Perforating Underbalanced Evolving Techniques (includes associated papers 13966 and 14140 )
- W.T. Bell (Completion Tool Co.)
- Document ID
- Society of Petroleum Engineers
- Journal of Petroleum Technology
- Publication Date
- October 1984
- Document Type
- Journal Paper
- 1,653 - 1,662
- 1984. Society of Petroleum Engineers
- 2.4.5 Gravel pack design & evaluation, 3 Production and Well Operations, 3.3.1 Production Logging, 1.6 Drilling Operations, 2.2.2 Perforating, 1.7.5 Well Control, 1.8 Formation Damage, 5.3.4 Integration of geomechanics in models, 2.7.1 Completion Fluids, 3.2.3 Hydraulic Fracturing Design, Implementation and Optimisation, 1.14 Casing and Cementing, 4.6 Natural Gas, 2 Well Completion, 3.1 Artificial Lift Systems, 1.6.9 Coring, Fishing, 2.4.3 Sand/Solids Control, 4.2.3 Materials and Corrosion, 5.2 Reservoir Fluid Dynamics
- 2 in the last 30 days
- 438 since 2007
- Show more detail
- View rights & permissions
|SPE Member Price:||USD 12.00|
|SPE Non-Member Price:||USD 35.00|
Distinguished Author Series articles are general, descriptiverepresentations that summarize the state of the art in an area of technology bydescribing recent developments for readers who are not specialists in thetopics discussed. Written by individuals recognized as experts in the area,these articles provide key references to more definitive work and presentspecific details only to illustrate the technology. Purpose: to informthe general readership of recent advances in various areas of petroleumengineering.
The usual objective in perforating a well for completion is to maximize wellproductivity, i.e. to minimize impairment to well flow (skin), whether due towellbore damage or to the perforating process itself. Criteria for minimizingskin vary with whether the specific completion problem is natural, sandcontrol, or hydraulically fractured. However, in perforating for enhancedproductivity, two factors are significant in decreasing order of importance:(1) establishing perforating pressure conditions that enhance system cleanup,and (2) selecting the perforating technique and guns to achieve best flowperformance. Underbalanced perforating (in which guns are fired under reducedwellbore pressure conditions) addresses the critical factor in establishingperforating pressure conditions. In effect, the technique"surge flows" andcleans perforations as a system. When high-performance perforators are usedwith the technique, optimization of well response becomes possible.Underbalanced methods have been applied successfully since the early 1950s.However, resistance to their use has persisted because required through-tubingguns displayed lower performance capability and certain mechanical limitations,as well be discussed. With improved techniques and better guns for bothwireline- and tubing-conveyed methods, more flexibility is now available todesign effective completions. Underbalance techniques are more widelyapplied-particularly in natural completion operations(to which this article isprincipally addressed).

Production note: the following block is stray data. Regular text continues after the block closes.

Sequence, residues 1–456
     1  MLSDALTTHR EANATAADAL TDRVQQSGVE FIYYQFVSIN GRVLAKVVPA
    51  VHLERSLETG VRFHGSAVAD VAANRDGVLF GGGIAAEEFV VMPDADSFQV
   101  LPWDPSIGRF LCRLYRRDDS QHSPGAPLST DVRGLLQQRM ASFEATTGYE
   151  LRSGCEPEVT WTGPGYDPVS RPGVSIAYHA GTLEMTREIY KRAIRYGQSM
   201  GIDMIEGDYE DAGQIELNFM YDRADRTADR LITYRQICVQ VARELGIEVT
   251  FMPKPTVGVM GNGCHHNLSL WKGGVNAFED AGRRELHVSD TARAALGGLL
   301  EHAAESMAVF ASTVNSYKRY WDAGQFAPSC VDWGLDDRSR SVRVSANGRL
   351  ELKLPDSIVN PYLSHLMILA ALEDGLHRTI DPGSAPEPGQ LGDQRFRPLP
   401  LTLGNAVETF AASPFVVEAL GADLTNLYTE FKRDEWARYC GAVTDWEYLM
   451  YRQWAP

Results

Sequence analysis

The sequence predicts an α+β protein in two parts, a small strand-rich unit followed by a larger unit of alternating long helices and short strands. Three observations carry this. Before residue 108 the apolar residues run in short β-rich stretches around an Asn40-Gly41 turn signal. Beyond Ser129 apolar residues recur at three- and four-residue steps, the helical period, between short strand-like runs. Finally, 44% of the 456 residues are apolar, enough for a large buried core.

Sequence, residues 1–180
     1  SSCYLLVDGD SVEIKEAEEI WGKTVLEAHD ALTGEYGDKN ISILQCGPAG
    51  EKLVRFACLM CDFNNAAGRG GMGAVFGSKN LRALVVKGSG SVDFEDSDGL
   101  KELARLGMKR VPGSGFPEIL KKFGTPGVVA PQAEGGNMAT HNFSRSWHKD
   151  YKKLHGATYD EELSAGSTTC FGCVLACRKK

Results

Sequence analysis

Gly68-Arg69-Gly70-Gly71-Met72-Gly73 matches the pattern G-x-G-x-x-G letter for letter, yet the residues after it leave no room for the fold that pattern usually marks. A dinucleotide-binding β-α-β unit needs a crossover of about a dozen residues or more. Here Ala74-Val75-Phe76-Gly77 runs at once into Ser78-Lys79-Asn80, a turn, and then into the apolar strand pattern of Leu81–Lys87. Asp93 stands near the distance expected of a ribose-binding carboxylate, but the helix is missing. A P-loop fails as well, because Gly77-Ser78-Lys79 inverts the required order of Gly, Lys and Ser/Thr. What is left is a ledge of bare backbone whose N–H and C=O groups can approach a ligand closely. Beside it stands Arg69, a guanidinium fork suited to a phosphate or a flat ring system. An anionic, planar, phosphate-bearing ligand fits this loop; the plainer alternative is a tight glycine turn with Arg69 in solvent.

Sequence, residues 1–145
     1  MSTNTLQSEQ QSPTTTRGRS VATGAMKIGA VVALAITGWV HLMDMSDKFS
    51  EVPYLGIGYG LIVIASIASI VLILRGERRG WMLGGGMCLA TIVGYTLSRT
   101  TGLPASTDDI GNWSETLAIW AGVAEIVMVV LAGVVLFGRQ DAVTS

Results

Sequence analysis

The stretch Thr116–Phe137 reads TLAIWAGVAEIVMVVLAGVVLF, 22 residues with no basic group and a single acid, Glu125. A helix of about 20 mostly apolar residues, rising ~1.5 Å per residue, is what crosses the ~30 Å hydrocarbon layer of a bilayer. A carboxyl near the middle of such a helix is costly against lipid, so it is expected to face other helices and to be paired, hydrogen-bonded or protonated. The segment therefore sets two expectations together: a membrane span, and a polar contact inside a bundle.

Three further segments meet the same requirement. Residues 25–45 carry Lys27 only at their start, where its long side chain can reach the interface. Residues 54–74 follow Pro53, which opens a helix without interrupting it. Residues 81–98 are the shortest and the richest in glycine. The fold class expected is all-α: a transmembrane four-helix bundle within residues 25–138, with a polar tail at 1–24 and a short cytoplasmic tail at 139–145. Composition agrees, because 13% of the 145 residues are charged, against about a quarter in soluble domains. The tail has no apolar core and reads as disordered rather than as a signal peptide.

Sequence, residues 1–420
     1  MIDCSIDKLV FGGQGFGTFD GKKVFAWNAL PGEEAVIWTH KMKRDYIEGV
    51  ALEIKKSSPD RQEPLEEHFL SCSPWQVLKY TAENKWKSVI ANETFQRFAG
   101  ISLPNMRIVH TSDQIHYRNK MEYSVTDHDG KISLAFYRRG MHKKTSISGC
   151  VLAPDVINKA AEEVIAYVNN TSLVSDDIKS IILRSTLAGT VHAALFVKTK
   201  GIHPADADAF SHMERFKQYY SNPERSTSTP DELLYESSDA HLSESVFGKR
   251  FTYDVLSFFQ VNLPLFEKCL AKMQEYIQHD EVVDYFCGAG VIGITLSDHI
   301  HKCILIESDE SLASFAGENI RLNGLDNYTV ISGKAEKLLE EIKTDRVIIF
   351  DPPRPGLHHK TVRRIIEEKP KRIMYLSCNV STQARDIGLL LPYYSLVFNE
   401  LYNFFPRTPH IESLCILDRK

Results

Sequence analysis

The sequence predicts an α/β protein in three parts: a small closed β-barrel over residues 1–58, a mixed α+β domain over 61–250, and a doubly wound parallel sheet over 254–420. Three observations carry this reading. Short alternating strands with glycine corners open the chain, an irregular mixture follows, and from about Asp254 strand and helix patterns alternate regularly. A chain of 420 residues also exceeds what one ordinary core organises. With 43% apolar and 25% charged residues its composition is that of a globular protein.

Factors Affecting Perforated System Flow,: Natural Completions
Perforating Damage: Cleanup and Flow. Penetrating typical oilfieldformations with commonly used shaped charge perforators creates a "skin"thatimpedes flow into the perforation (Fig. 1). The jet punches its way into theformation at high velocity (Fig. 1B), radially displacing formation materialand creating a crushed or compacted reduced-permeability zone compared toundamaged rock. For example, immediately after perforating the API RP 43standard Berea sandstone target, the perforation is highly damaged (Fig. 1C)and must be flowed for cleanup (Fig. 1D). During flow of 10 to 50 liters, coreflow efficiency (CFE) increases from an initial 0.1 (10%) to the typicallyreported 0.7 to 0.8 (70 to 80%), after which there is no further improvement.The crushed zone remains, representing "permanent" damage-at least in terms ofinitial response to flow.
Sensitivity of Cleanup to Differential Pressure. In addition to flow, acertain "threshold" level of differential pressure ( p) is required to effectcleanup. Again using the API RP 43 test as an example note that in Fig. 2 thetypical 0.7-0.8 CFE is measured at the test standard, 200 psi [1378.8 kpa] p.If tests are made at lower levels (below the approximate 150-psi [1034.1-kPa)threshold for this sandstone) CFE decreases. As suggested by curve shape,testing at any p value above threshold yields no improvement in flowefficiency-i.e., permeability in the crushed zone is not further improved. Inactual operations, varying formation characteristics can alter theresponse-to-flow from that of the Berea sandstone example.
|File Size||2 MB||Number of Pages||14|